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Memoirs of a Fox-hunting Man

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So much went wrong in those early months, chiefly through an inexperienced military, and the bungling and the old ways being inadequate are very honestly portrayed here. The little thar made it, told from the point of view of a logistics officer rather than from that of a man in combat, is enough to prod us into sanctifying diplomacy, talks and dialogue above all else. To watch the day breaking from purple to dazzling gold while we trotted up a deep-rutted lane; to inhale the early freshness when we were on the sheep-cropped uplands; to stare back at the low country with its cock-crowing farms and mist-coiled waterways; thus to be riding out with a sense of spacious discovery – was it not something stolen from the lie-a-bed world and the luckless city workers – even though it ended in nothing more than the killing of a leash of fox-cubs?

Paul Fussell explains that Sassoon's life was in some substantial ways different from what is depicted here. It establishes not only what he loses, but similar stories can be told of many of the officers summoned to fight in the war that was supposed to end all wars. This changes with the death of his friend Dick Tiltwood, who is based on Sassoon’s friend David Cuthbert Thomas. All through the book it's also possible to see criticisms of the system that led to war – and the people who did so little to stop it, and were so blissfully unaware that it could happen.

Of course, when war breaks out, George Sherston does his duty, as do most young men of English descent. We have grown to love George and his friends, who are young, fearless, fun and have their whole lives ahead of them. It’s likely not for everyone and I would find it difficult to filter out to whom I could recommend it, but if anyone gives it a go, I’d be interested in any thoughts. He abandoned transport duties and went out on patrols whenever possible, desperate to kill as many Germans as he could, earning him the nickname ‘Mad Jack. A patriotic man, he enlisted on 3rd August, the day before Britain entered the war, as a trooper in the Sussex Yeomanry.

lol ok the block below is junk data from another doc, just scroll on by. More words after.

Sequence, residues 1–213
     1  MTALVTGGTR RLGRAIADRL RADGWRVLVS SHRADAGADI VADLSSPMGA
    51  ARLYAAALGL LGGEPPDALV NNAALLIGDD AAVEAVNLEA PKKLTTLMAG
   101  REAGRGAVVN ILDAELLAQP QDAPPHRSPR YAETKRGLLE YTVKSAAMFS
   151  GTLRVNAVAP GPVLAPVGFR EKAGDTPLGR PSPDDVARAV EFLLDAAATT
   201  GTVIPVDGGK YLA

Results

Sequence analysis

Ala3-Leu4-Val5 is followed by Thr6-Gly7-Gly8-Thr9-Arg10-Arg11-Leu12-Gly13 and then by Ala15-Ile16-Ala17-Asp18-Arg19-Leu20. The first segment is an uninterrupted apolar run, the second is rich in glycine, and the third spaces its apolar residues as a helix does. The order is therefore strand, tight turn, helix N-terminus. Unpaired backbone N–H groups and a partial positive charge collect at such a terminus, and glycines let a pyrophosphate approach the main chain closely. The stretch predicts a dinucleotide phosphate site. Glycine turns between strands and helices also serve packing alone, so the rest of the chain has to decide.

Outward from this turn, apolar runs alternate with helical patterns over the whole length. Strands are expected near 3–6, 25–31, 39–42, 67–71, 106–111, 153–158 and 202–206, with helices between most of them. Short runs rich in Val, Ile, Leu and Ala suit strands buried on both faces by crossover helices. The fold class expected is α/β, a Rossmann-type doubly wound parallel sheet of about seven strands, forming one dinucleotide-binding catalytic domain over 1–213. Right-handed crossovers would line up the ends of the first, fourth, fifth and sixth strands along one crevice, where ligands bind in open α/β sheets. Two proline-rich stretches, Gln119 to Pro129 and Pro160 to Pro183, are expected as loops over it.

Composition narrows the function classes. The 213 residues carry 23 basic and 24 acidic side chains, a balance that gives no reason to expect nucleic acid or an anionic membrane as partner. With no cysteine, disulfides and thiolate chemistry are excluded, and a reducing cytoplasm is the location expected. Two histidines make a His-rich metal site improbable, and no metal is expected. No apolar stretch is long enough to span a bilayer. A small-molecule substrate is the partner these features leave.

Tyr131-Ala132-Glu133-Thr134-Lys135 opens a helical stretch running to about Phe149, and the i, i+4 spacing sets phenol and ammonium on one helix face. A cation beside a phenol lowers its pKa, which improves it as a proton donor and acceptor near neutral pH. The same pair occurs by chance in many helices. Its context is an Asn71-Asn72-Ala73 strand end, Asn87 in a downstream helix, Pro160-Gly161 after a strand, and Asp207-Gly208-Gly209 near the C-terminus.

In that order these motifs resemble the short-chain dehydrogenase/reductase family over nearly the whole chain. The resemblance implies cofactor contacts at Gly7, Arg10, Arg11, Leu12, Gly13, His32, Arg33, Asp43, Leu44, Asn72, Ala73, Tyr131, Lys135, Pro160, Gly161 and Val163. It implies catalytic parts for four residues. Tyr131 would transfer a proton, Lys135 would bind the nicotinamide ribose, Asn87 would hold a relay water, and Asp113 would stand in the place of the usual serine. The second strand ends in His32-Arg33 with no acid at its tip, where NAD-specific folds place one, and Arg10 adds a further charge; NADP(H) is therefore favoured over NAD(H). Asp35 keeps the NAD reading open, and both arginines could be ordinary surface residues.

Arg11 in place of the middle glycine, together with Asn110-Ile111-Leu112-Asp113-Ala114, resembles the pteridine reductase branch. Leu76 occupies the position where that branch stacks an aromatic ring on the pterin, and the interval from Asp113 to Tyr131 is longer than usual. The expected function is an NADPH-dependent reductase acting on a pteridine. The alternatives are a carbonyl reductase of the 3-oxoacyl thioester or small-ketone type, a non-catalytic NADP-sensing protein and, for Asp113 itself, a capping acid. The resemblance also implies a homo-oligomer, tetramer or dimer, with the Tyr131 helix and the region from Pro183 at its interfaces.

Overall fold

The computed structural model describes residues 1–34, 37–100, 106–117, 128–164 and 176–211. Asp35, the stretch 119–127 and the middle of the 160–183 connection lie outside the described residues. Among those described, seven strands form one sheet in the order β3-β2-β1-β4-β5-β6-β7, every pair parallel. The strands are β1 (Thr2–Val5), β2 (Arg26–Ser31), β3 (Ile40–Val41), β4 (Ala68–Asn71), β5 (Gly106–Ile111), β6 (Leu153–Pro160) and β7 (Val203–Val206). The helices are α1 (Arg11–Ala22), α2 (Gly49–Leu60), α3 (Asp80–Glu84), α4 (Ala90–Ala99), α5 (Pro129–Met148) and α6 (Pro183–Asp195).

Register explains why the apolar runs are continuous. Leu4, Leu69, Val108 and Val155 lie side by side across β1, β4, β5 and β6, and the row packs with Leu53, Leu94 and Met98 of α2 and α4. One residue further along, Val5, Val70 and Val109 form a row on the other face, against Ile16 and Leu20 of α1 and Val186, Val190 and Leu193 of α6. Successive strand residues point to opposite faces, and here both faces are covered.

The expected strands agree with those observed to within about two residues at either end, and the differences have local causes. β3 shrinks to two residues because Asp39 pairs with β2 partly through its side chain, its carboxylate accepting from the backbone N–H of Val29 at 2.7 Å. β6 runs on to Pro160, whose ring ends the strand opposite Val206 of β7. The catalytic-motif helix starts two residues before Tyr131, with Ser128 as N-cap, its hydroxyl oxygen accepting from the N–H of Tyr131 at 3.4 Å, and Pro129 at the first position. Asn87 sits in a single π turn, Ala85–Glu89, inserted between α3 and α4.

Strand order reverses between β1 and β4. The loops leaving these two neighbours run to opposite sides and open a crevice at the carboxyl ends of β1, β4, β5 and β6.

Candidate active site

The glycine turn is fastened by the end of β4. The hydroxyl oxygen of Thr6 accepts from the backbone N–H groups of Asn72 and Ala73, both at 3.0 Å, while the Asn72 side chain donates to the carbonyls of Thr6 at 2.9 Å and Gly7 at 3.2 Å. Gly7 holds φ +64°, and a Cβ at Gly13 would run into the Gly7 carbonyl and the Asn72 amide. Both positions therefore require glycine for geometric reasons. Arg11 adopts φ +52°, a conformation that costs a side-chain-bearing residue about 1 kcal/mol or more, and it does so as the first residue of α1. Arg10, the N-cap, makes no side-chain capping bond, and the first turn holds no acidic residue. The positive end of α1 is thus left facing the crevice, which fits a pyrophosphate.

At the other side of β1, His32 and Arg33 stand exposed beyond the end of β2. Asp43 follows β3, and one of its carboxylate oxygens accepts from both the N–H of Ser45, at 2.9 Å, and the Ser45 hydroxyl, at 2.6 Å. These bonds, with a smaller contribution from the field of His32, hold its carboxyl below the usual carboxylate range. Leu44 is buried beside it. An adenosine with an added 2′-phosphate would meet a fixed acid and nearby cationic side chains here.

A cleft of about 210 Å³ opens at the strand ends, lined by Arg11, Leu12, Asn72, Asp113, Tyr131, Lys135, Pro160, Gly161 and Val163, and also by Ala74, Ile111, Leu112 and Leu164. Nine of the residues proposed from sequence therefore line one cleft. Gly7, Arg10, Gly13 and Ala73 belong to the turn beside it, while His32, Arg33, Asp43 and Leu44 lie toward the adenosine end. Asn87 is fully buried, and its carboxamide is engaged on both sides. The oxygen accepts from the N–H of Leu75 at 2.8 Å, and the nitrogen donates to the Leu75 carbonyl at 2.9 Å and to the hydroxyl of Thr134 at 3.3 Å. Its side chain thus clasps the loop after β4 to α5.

It is in this context that, while on leave in England, Sherston ponders what has become of his life stating simply: “…I began to realize that my past was wearing a bit thin. Thrushes and blackbirds hopped and pecked busily on the dew-soaked lawn, and a pigeon was cooing monotonously from the belt of woodland which sloped from the garden toward the Weald. He also says that Memoirs of a Fox-Hunting Man is "carefully sanitised" and that all Sassoon "wanted was the past".He wrote about other things he loved: the English countryside, horses in general, music and cricket. Now and and again a leisurely five-nine shell passes overhead in the blue air where the larks are singing.

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